Slope of Hope Blog Posts
Slope initially began as a blog, so this is where most of the website’s content resides. Here we have tens of thousands of posts dating back over a decade. These are listed in reverse chronological order. Click on any category icon below to see posts tagged with that particular subject, or click on a word in the category cloud on the right side of the screen for more specific choices.
On August 31st Tesla‘s latest bull run ended when the stock closed at an all-time of $498.50 per share. At that price, the market cap value of Tesla was $464 billion, an amount greater than Ford, GM, Daimler, Volkswagen, and former number one Toyota put together. With Tesla approaching $500 billion, a level reached by only a handful of companies most notably today’s tech giants, Apple, Amazon, Google, Facebook, and Microsoft, we at Cornell Capital Group thought it would be a good time to examine what is required to be a $500 billion market cap company. Before investors conclude that Tesla is a $500 billion company, they should consider what the tech giants looked like when they reached that level.
The Tesla/Apple Comparison
The most common justification for Tesla’s high valuation is the “Tesla is a tech company, not a car company” story. A key element of that story is the Tesla/Apple comparison, a favorite amongst Tesla bulls, who point to the size of the global cell phone market before the iPhone as evidence of Tesla’s massive growth potential. In the Tesla/Apple analogy, legacy auto companies play the part of Nokia, Blackberry and Motorola while Tesla is the iPhone maker. Extending the analogy further, Tesla’s Model 3, like the iPhone, is supposed to be the product that redefines the industry by convincing car buyers to pay more for a technologically advanced car in the same way Apple took what appeared to be an expensive niche item and gave it mass market appeal.
Day trading is when an investor buys and sells the same stock on the same day, which can occur in any marketplace (but is particularly common in the foreign exchange and stock market). Over 97 percent of daily trading activity derives from individual investor accounts. Moreover, performance measured over six months found that eight out of ten-day traders loses money. While those numbers can be discouraging, it should serve as a measure of caution for new traders lured into this activity from marketers advertising “fool-proof strategies” and “surefire signals.”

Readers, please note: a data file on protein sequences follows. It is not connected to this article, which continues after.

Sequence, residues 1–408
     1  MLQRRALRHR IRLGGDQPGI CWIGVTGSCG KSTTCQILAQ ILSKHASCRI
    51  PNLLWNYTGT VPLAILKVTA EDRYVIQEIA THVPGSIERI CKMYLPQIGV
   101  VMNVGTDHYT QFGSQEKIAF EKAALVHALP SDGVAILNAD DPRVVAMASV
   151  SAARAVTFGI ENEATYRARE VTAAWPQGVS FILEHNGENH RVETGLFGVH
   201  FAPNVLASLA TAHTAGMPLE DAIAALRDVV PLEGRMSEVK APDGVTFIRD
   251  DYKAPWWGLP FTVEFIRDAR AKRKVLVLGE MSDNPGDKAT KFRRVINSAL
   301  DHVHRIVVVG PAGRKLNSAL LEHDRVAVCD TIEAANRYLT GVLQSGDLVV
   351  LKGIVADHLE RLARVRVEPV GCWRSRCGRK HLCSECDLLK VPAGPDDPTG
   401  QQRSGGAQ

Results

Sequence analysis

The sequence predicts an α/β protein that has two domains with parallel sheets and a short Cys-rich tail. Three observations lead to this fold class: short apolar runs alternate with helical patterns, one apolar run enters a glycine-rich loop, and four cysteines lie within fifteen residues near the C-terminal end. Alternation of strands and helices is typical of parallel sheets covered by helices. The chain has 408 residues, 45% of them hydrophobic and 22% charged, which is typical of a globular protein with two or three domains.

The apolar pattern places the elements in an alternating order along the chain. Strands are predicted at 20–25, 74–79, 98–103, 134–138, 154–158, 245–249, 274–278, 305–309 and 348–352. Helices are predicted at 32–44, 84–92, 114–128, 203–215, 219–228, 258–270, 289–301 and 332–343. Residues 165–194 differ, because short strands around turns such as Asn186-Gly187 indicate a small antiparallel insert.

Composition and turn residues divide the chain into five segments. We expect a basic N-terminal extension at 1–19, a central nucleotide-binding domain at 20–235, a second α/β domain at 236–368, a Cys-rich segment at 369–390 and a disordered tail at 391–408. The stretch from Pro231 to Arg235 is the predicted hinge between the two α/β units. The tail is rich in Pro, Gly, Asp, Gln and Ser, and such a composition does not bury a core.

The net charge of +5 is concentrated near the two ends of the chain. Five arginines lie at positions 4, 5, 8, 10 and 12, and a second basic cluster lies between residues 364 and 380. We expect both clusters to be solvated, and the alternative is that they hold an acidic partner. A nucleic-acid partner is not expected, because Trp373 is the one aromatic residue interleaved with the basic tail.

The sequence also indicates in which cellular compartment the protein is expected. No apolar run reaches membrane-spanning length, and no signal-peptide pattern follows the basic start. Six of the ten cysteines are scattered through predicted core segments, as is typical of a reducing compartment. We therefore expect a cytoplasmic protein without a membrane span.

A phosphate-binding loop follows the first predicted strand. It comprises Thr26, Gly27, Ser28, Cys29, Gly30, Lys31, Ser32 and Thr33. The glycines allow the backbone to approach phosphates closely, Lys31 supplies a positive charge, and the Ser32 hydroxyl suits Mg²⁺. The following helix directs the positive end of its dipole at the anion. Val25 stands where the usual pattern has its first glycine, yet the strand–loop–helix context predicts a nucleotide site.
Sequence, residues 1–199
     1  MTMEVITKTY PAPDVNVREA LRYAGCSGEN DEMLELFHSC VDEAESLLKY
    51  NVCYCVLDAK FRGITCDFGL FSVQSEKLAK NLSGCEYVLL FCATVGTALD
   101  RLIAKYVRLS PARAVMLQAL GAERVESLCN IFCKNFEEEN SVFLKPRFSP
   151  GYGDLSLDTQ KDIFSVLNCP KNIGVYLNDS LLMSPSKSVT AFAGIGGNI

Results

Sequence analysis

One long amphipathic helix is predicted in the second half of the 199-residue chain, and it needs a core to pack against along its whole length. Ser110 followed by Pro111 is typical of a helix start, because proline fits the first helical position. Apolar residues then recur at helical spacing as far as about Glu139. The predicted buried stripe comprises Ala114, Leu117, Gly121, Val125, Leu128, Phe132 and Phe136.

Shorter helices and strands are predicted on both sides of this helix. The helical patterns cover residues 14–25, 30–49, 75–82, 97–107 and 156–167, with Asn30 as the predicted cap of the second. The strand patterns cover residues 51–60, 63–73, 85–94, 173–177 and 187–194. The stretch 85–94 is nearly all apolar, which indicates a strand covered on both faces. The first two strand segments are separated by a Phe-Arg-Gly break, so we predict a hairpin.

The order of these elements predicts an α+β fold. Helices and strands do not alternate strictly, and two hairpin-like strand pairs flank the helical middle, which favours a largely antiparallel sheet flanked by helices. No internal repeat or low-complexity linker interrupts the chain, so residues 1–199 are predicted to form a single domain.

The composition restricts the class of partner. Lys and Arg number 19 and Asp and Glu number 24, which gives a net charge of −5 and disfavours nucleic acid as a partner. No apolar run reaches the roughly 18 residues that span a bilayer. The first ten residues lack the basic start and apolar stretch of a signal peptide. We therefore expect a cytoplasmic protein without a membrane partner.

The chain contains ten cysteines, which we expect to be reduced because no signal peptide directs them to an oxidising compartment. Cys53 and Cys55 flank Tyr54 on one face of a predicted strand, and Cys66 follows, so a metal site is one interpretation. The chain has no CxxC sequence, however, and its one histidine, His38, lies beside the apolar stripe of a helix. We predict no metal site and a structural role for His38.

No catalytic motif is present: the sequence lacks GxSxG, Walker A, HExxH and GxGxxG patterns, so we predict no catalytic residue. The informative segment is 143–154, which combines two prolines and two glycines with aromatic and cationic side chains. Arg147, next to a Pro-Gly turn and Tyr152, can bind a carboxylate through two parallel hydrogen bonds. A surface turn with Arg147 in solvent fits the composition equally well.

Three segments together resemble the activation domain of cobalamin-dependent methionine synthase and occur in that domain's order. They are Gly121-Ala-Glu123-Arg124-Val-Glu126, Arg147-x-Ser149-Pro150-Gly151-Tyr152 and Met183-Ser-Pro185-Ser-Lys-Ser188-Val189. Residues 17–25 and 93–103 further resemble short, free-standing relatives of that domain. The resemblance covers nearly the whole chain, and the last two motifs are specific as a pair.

In a 2011 research study titled “The Behavior of Individual Investors,” UC Berkeley Professors Brad M. Barner and Terrance Odean found that individual investors who trade both actively and speculatively without a diversified portfolio lost money over time.
One thing that has been driving Tesla stock recently is the expectation that it would be added to the S&P 500. However, that didn’t happen, and investors started unloading the shares as a result. The S&P 500 Index Committee added Catalent, Etsy and Teradyne to the index on Friday, but it excluded Tesla stock.
Tesla excluded from the S&P 500
Many investors had been banking on Tesla stock being added to the S&P 500 after the company posted its fourth straight quarter of profits. However, when it was revealed that the EV maker wasn’t added to the index, its shares plunged by more than 7% after Friday’s closing bell and were down as much as 15% before opening bell this morning.
Tesla stock has skyrocketed this year, climbing about 400% and making the company more valuable than some of the biggest automakers in the world, including Volkswagen and Toyota. It’s unclear why the S&P 500 committee snubbed Tesla stock, but one popular hedge fund manager had an idea.
Fannie Mae and Freddie Mac have now officially said that they oppose the capital rule proposed by the Federal Housing Finance Agency. The government-sponsored enterprises agreed with critics of the rule who said the capital rule would increase costs for borrowers.
In a note over the weekend, analyst Dick Bove of Odeon Capital pointed out that Fannie Mae Chief Financial Officer Celeste Brown said recently that she had reservations about the FHFA’s capital rule as it was proposed. He also argued two more points, although his views are controversial.
Bove argued that FHFA Director Mark Calabria “is a highly intellectual, honest, and committed Libertarian who is adamant that the GSEs are not good for the government or the economy.” However, others like Tim Pagliara of CapWealth Advisors believe Calabria supports Fannie and Freddie, based on his actions and comments.
Anne Scheiber worked as an auditor for the IRS. She retired at the age of 51 in 1944, and focused on managing her portfolio for the next 51 years of her life.
I wanted to share with you the story of Anne Scheiber, who died at the age of 101 with a portfolio of dividend stocks worth over $22 million. That portfolio was generating over $750,000 in annual dividend income at the time of her death. Anne Scheiber is one of the most successful dividend investors of all time.
I believe that this story can be inspirational to many. After reviewing it, I can tell you that I understand the blueprint for financial success. One can easily see the steps taken to achieve financial independence, so that they can mold their lifestyle in a way, shape or form that they desire.